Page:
When out on the lawn there arose such a clatter,
I sprang from the bed to see what was the matter.
Away to the window I flew like a flash,
Tore open the shutters and threw up the sash.
The moon on the breast of the new-fallen snow
Gave the lustre of mid-day to objects below.
When, what to my wondering eyes should appear,
But a miniature sleigh, and eight tiny reindeer.
With a little old driver, so lively and quick,
I knew in a moment it must be St Nick.
More rapid than eagles his coursers they came,
And he whistled, and shouted, and called them by name!
“Now Dasher! now, Dancer! now, Prancer and Vixen!
On, Comet! On, Cupid! on, on Donner and Blitzen!
To the top of the porch! to the top of the wall!
Now dash away! Dash away! Dash away all!”
As dry leaves that before the wild hurricane fly,
When they meet with an obstacle, mount to the sky.
So up to the house-top the coursers they flew,
With the sleigh full of Toys, and St Nicholas too.
And then, in a twinkling, I heard on the roof
The prancing and pawing of each little hoof.
As I drew in my head, and was turning around,
Down the chimney St Nicholas came with a bound.
He was dressed all in fur, from his head to his foot,
And his clothes were all tarnished with ashes and soot.
A bundle of Toys he had flung on his back,
And he looked like a peddler, just opening his pack.
His eyes-how they twinkled! his dimples how merry!
His cheeks were like roses, his nose like a cherry!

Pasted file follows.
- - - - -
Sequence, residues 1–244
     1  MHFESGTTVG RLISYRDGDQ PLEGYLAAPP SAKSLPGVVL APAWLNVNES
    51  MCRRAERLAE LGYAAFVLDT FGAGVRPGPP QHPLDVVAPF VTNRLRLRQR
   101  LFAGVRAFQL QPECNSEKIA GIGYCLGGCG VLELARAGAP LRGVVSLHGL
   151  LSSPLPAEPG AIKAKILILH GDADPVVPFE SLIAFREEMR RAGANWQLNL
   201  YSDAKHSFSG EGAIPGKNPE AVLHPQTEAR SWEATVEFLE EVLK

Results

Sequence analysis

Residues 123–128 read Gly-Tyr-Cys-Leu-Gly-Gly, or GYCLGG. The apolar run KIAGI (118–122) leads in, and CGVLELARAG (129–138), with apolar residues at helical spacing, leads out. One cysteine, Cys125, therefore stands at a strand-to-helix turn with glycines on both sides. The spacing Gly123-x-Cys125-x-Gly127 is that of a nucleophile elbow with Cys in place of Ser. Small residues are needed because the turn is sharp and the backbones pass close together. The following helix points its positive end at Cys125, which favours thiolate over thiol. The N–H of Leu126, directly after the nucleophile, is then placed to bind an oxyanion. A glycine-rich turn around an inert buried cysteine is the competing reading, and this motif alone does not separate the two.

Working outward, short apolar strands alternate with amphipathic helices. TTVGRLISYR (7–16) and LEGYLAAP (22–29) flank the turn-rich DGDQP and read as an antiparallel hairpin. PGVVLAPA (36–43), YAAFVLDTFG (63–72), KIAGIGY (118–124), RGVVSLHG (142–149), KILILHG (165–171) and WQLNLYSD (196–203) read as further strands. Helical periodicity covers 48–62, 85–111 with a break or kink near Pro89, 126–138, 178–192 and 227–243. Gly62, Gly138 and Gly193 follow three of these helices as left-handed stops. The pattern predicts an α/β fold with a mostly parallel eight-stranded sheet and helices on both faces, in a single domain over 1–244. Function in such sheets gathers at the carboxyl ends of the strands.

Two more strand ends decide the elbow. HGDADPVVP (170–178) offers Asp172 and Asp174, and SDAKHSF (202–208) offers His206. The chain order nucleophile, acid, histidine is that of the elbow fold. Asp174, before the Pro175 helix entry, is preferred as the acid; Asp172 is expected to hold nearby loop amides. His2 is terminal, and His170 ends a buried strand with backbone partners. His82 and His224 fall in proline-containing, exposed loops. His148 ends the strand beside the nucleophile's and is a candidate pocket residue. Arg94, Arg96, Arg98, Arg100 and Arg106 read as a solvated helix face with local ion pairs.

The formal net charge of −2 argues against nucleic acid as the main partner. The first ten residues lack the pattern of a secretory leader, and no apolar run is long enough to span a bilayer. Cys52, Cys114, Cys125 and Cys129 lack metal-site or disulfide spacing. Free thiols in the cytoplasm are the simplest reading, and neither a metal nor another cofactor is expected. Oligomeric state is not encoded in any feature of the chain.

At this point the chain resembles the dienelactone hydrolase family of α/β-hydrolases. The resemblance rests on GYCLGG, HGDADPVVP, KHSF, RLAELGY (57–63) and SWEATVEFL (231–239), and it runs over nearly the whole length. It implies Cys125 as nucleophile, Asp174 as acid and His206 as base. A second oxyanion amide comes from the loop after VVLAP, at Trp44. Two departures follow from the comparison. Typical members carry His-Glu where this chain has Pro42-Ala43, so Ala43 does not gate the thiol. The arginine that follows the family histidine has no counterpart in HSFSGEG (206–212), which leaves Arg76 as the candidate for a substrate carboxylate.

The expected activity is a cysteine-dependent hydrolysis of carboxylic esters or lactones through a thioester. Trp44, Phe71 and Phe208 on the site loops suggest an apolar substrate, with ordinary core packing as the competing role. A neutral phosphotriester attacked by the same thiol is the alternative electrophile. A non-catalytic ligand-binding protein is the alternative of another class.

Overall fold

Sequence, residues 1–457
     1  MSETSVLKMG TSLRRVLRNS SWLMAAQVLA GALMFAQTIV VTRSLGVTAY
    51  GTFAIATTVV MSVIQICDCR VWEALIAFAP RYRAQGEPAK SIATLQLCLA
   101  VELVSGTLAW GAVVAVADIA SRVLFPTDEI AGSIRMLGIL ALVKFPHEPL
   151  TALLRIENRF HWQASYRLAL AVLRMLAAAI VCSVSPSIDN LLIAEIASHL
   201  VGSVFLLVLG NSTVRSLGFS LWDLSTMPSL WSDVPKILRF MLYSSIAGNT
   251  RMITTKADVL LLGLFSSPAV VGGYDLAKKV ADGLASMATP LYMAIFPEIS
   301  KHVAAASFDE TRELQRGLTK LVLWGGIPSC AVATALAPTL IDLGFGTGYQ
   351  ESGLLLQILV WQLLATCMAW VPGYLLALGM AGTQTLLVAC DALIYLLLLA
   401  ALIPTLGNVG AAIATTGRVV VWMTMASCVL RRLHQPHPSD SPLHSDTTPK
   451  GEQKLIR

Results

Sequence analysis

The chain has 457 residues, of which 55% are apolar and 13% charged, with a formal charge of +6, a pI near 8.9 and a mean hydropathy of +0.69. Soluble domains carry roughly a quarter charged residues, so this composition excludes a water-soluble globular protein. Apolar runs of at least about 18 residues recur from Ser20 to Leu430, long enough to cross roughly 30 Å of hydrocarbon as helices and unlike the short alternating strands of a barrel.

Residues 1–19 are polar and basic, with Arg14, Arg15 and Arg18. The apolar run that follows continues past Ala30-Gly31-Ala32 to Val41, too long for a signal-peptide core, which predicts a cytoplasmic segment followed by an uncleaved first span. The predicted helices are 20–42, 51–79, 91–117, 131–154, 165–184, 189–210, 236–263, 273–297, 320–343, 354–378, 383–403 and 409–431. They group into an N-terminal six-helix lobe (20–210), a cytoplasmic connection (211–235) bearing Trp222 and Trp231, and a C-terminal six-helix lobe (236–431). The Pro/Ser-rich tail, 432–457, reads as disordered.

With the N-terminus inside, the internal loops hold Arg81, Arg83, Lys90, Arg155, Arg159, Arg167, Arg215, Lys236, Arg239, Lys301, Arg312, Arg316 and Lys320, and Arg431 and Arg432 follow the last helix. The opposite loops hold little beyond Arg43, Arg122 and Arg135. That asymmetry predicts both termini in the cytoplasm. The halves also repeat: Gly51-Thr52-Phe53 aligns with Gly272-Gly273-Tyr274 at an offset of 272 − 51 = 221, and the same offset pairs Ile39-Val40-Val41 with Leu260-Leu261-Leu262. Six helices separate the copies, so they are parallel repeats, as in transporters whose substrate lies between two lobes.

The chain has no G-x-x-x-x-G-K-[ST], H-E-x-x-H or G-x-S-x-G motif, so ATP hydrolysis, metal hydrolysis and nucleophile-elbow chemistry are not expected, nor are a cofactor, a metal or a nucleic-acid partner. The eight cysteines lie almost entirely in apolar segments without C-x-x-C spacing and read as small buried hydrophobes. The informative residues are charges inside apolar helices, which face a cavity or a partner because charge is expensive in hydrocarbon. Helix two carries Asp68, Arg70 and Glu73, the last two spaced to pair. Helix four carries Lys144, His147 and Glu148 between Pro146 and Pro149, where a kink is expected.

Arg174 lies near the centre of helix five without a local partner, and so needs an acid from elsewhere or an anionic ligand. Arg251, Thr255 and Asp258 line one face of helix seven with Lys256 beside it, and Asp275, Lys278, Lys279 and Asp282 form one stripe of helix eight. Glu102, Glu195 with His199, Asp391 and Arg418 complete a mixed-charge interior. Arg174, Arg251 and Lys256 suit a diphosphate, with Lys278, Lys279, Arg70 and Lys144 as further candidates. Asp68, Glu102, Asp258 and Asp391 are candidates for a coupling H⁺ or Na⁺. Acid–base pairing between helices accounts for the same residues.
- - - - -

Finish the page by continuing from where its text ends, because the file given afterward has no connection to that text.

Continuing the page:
His droll little mouth was drawn up like a bow,
And the beard of his chin was as white as the snow.
The stump of a pipe he held tight in his teeth,
And the smoke it encircled his head like a wreath.
He had a broad face and a little round belly,
That shook when he laughed, like a bowlful of jelly!
He was chubby and plump, a right jolly old elf,
And I laughed when I saw him, in spite of myself!
A wink of his eye and a twist of his head,
Soon gave me to know I had nothing to dread.
He spoke not a word, but went straight to his work,
And filled all the stockings, then turned with a jerk.
And laying his finger aside of his nose,
And giving a nod, up the chimney he rose!
He sprang to his sleigh, to his team gave a whistle,
And away they all flew like the down of a thistle.
But I heard him exclaim, ‘ere he drove out of sight,
“Happy Christmas to all, and to all a good-night!”
Nast, Sundblom & Coca Cola
In 1863, Thomas Nast – a caricaturist for Harper’s Weekly – developed his own image of Santa. Nast drew his figure with a “flowing set of whiskers” and “all in fur, from his head to his foot.” Nast drew Santa in many sizes from miniature to large. His 1881 “Merry Old Santa Claus” drawing is close to the modern-day image.
Thus, the Santa Claus figure we know today, although not yet standardized in size perhaps presciently to allow chimney access, was everywhere by the late 19th century. At the beginning of the 1930s, the Coca-Cola company wanted to increase sales during winter. An illustrator named Haddon Sundblom created the figure of a larger than life, red-and-white garbed Santa Claus for them. And since then, illustrations have followed the formula of a larger than life, rotund, red-suited, bewhiskered jolly man.
Images © Glasgow University Library, National Museums Scotland, The Victoria & Albert Museum, The Scotsman Licensor Scran